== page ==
Lectins are naturally occurring proteins that are found in most plants, especially legumes and grains. In small amounts, they may provide several health benefits, as the majority of lectin-containing foods are high in vitamins, minerals, fiber, antioxidants and all sorts of beneficial compounds.

Arrangement of Various Foods High in Lectins on Wooden Board on Pale Green Surface |

At this point, there’s no conclusive research that shows following a lectin-free diet will cure any medical disorders or conditions, including autoimmune diseases.

Research does indicate that taking in large quantities of raw lectins could have negative health effects. Uncooked (raw) legumes like kidney beans are the biggest sources of lectins, and eating them can lead to lectin poisoning. The main symptoms of lectin poisoning include severe abdominal pain, vomiting and diarrhea.

However, when was the last time you chowed down on raw kidney beans, or other raw legumes, for that matter? The amount you’d need to consume each day to get to a harmful level, however, is much higher than a typical diet would include. Plus, cooking, sprouting or fermenting foods high in lectins works its magical alchemy. Studies have shown that lectins break down when processed or cooked. All in all, the concept of “killer lectins” may be a tad exaggerated.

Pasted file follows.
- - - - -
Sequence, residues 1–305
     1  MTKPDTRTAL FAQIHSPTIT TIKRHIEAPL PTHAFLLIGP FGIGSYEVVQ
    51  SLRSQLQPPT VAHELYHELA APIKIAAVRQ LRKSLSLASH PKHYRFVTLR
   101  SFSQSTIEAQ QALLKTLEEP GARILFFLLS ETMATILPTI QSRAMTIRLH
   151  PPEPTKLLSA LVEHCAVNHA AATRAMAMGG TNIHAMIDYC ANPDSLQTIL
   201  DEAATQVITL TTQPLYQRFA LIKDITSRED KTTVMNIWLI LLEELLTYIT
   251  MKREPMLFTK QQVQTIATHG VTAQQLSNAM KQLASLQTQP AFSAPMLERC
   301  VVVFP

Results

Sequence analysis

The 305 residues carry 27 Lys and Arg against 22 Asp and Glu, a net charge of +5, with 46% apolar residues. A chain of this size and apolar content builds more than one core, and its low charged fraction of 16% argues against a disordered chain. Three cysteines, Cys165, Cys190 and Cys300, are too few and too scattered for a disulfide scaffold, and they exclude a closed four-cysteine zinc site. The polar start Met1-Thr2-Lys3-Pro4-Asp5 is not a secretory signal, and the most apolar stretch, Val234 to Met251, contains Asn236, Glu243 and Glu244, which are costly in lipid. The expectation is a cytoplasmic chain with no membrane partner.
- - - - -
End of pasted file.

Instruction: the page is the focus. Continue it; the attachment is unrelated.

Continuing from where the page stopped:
But for some people with food sensitivities, large amounts of lectin-rich foods can potentially cause inflammation or gas. Lectin, which is not digestible, binds to cell membranes (of carbohydrates) lining the digestive tract and can alter the cell’s function, potentially damaging the gut wall. If you do want to experiment with reducing your intake of lectins, below are otherwise nutritious foods that happen to be high in lectins.